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The purpose of this research is to discover the different patterns of cytokine production in patients who may develop Bronchiolitis Obliterans Syndrome-0p (BOS-0p) which means ongoing rejection. This is an early indicator of chronic rejection in lung transplant recipients. These cytokines can be detected in the bronchoalveolar (lung) and tissue samples of lung transplant recipients.
Lung transplant recipients are routinely followed in clinic every three months after the first year post-transplant. Spirometry with measurement of FEV1, FVC and FEF25-75 are obtained at each visit. In addition, lung transplant recipients undergo surveillance bronchoscopy at one, three, six, nine and twelve months. All bronchoscopy specimens that are obtained for this study will be obtained during bronchoscopies that were scheduled per the physician caring for the patient. An extra 90 cc of sterile solution will be instilled into bronchus and two extra transbronchial biopsies will be performed in addition to the routine bronchoscopic procedure. Routinely, 4-8 transbronchial biopsy samples are obtained from the transplanted lung. Two specimens will be randomly selected for study and the rest will undergo routine histopathologic study. The study biopsies will be set aside and processed. The study visits for this research will occur at the same time as standard of care post transplant visits. We will collect subject's history,demographic of subject's transplant data,donor procurement information, physical exam information, pregnancy tests,blood test and spirometry results from the visits mentioned above.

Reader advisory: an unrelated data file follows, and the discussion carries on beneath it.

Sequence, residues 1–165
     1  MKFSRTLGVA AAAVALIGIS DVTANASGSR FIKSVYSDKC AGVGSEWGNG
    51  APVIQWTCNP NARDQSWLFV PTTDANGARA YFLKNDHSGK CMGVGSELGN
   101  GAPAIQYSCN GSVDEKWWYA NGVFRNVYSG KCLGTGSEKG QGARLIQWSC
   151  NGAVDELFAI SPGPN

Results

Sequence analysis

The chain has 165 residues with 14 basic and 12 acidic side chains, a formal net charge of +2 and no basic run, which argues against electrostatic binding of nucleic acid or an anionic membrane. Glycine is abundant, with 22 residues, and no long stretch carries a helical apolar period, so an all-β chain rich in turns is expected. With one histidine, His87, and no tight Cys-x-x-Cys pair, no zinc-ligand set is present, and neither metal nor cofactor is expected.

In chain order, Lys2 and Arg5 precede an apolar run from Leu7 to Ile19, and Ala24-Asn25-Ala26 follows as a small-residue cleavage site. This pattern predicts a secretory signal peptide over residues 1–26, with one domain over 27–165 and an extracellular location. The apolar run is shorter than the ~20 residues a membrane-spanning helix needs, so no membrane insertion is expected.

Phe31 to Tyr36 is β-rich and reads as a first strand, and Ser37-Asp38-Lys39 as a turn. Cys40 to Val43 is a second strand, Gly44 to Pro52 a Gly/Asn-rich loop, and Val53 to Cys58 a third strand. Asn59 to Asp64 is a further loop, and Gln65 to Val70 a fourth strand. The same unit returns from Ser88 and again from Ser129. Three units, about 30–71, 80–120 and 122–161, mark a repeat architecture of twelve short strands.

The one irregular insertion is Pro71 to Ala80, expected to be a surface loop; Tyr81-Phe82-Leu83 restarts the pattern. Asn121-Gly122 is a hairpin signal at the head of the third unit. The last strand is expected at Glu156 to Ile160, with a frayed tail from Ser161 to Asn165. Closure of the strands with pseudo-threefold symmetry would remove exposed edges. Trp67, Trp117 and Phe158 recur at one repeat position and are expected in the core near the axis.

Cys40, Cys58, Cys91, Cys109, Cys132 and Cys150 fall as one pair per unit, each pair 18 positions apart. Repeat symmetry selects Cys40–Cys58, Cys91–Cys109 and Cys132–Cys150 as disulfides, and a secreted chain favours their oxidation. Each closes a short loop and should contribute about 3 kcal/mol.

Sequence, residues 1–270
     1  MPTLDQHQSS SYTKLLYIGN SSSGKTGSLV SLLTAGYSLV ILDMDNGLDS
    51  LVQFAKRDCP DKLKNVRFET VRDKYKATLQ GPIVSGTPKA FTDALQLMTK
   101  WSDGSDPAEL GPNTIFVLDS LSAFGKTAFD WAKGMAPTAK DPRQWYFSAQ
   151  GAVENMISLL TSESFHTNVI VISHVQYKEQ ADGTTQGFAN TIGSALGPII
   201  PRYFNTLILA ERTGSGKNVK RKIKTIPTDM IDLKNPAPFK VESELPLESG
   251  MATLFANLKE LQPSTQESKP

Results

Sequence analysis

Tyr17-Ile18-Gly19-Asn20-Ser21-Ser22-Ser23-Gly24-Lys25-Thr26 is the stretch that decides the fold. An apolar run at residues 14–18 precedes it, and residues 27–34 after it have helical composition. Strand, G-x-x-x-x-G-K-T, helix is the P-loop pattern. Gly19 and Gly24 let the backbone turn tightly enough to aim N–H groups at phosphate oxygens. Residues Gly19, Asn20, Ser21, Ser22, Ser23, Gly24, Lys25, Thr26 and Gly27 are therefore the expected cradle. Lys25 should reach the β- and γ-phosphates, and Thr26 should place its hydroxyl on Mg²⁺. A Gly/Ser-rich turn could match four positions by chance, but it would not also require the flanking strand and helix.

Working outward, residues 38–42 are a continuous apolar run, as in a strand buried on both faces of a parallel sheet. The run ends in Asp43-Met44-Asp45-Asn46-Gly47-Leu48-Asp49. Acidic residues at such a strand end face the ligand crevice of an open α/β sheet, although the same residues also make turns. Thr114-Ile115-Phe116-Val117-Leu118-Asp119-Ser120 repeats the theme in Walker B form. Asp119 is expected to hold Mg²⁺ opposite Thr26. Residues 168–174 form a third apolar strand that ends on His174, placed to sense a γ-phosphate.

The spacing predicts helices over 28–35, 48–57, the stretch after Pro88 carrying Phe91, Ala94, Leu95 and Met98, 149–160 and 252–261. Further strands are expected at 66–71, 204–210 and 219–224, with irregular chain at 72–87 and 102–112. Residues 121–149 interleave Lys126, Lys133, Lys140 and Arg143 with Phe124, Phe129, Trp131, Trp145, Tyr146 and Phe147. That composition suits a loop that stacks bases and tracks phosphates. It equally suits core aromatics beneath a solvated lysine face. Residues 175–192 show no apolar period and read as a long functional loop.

Observational Model: Cohort, Time Perspective: Prospective
Chronic Rejection in Lung Transplant
The University of Chicago
University of Chicago
Published on BioPortfolio: 2014-07-24T14:22:00-0400
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An immune response with both cellular and humoral components, directed against an allogeneic transplant, whose tissue antigens are not compatible with those of the recipient.
A derivative of sirolimus and an inhibitor of TOR SERINE-THREONINE KINASES. It is used to prevent GRAFT REJECTION in heart and kidney transplant patients by blocking cell proliferation signals. It is also an ANTINEOPLASTIC AGENT.
Identification of the major histocompatibility antigens of transplant DONORS and potential recipients, usually by serological tests. Donor and recipient pairs should be of identical ABO blood group, and in addition should be matched as closely as possible for HISTOCOMPATIBILITY ANTIGENS in order to minimize the likelihood of allograft rejection. (King, Dictionary of Genetics, 4th ed)
A group of antigens that includes both the major and minor histocompatibility antigens. The former are genetically determined by the major histocompatibility complex. They determine tissue type for transplantation and cause allograft rejections. The latter are systems of allelic alloantigens that can cause weak transplant rejection.
Any disorder marked by obstruction of conducting airways of the lung. AIRWAY OBSTRUCTION may be acute, chronic, intermittent, or persistent.
Cytokines include chemokines, lymphokines, and monokines. Cells of the immune system communicate with one another by releasing and responding to chemical messengers called cytokines. These proteins are secreted by immune cells and act on other cells to...
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Organ transplantation is the moving of an organ from one body to another or from a donor site to another location on the patient's own body, for the purpose of replacing the recipient's damaged or absent organ. The emerging field of regenerative ...